Dr Joseph Fokam

Cameroon

EDCTP portfolio: Career Development Fellowships

Dr Joseph Fokam will monitor adolescents living with HIV for a year as they go through treatment transitions to ascertain how they respond.

Drug resistance and HIV-1 variability in adolescents

Nine out of every ten children living with HIV globally are in sub-Saharan Africa. Monitoring remains suboptimal even as these children grow older. Over 2.1 million HIV-infected children are growing towards adolescence with the potential to reach adulthood. However, despite HIV-related mortality decreases overall, it is increasing among adolescents living with HIV (ALHIV). The challenge is to develop strategies for the transition of adolescents from paediatrics to adult-healthcare. This is critical to ensure successful treatment response, longer life expectancy and their future contribution to their society.

The challenge

The study is an observational, prospective and open cohort-study conducted among 250 ALHIV (10-19 years old) receiving ART, in the central region of Cameroon. Dr Fokam monitors the response to first- and second-line regimens and profiles drug resistance and HIV-1 variability during a 12 months follow-up. Specifically, the study evaluates the rate of immune-virologic failure at enrolment, month 6 and month 12; acquired mutations associated with drug resistance; HIV-1 subtype distribution; genetic variability in circulating (plasma) versus archived (cellular) viral strains; and early warning indicators of HIV drug resistance. Survival analysis will be performed during the 12 months follow-up. Primary outcomes are rates of virological failure, acquired HIVDR, and mortality.

The project

Dr Fokam expects that the findings will provide evidence-based recommendations to ensure a successful transition from paediatrics to adult ART regimens. Secondly, the results will highlight further needs of active ART combinations to achieve reduced morbidity and mortality in populations of adolescents living with HIV in sub-Saharan Africa. Without a successful transition of adolescents, the success rate of paediatric ART might be quickly jeopardised, with possible HIV-1 drug-resistance emergence, especially after years of paediatric ART exposure.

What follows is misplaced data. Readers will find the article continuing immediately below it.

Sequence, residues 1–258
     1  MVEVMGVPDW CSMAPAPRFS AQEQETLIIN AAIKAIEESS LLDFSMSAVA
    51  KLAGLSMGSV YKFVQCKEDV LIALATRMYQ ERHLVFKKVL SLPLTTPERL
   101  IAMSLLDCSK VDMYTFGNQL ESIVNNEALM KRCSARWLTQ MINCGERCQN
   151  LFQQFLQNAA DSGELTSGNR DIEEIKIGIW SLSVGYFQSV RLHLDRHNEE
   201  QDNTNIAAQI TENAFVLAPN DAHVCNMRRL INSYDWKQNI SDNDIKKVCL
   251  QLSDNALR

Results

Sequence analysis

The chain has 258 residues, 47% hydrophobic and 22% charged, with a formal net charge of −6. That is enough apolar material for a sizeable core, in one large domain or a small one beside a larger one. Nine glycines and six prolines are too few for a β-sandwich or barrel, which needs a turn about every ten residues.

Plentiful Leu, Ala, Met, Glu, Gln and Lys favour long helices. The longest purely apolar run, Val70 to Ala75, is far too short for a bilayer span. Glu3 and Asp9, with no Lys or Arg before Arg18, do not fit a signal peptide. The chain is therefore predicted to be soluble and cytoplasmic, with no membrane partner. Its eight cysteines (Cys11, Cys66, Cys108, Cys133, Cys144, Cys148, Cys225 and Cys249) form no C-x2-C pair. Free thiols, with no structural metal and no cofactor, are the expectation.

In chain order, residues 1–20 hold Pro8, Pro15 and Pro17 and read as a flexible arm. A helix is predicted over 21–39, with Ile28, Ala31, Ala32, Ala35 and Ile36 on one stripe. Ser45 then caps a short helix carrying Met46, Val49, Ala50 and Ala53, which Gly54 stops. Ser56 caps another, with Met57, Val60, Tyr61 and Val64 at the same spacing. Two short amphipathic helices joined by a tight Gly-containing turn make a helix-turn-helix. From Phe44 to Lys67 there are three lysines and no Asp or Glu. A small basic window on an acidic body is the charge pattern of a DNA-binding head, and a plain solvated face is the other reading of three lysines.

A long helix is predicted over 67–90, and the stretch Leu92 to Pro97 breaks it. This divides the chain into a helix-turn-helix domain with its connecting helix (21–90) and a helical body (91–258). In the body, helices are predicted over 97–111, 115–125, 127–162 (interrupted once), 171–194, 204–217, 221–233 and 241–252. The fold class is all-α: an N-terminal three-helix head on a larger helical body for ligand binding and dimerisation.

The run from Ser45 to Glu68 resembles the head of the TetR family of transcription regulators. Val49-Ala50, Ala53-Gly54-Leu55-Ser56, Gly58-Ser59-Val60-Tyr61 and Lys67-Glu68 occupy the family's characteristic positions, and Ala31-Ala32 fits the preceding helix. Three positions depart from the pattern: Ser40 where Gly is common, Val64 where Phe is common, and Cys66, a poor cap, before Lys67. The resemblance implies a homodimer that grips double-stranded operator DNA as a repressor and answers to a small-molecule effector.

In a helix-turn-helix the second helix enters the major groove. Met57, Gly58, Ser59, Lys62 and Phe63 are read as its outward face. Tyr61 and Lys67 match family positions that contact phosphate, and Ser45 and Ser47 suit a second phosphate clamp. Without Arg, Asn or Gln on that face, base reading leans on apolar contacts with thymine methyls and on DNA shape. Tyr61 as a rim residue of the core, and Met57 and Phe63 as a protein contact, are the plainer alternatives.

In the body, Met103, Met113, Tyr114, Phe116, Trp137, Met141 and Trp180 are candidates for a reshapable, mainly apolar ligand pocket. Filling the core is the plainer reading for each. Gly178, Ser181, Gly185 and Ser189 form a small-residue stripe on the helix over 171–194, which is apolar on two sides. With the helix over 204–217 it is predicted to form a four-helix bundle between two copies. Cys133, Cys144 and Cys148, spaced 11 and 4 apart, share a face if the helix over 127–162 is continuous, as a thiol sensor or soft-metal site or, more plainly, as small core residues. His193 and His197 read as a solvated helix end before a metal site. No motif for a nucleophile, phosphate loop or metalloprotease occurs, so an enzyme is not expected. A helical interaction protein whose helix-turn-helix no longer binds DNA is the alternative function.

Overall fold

Impact


test the safety and efficacy of this new formulation in young children

Bringing antiretroviral drugs to children

The CHAPAS trials have ensured that many more children with HIV have benefited
from life-saving antiretrovirals.

EDCTP portfolio: HIV & HIV-associated infections

The challenge

Nine out of every ten children living with HIV globally are in sub-Saharan Africa. Monitoring remains suboptimal even as these children grow older. Over 2.1 million HIV-infected children are growing towards adolescence with the potential to reach adulthood. However, despite HIV-related mortality decreases overall, it is increasing among adolescents living with HIV (ALHIV). The challenge is to develop strategies for the transition of adolescents from paediatrics to adult-healthcare. This is critical to ensure successful treatment response, longer life expectancy and their future contribution to their society.

The study is an observational, prospective and open cohort-study conducted among 250 ALHIV (10-19 years old) receiving ART, in the central region of Cameroon. Dr Fokam monitors the response to first- and second-line regimens and profiles drug resistance and HIV-1 variability during a 12 months follow-up. Specifically, the study evaluates the rate of immune-virologic failure at enrolment, month 6 and month 12; acquired mutations associated with drug resistance; HIV-1 subtype distribution; genetic variability in circulating (plasma) versus archived (cellular) viral strains; and early warning indicators of HIV drug resistance. Survival analysis will be performed during the 12 months follow-up. Primary outcomes are rates of virological failure, acquired HIVDR, and mortality.

The project

The later CHAPAS-3 trial compared the efficacy and safety of three fixed-dose combinations including two without stavudine (found to have some long-term side effects in adults, leading to a recommendation that its use be discontinued in children). The trial the first of its kind in Africa studied nearly 500 children at four sites in two African countries.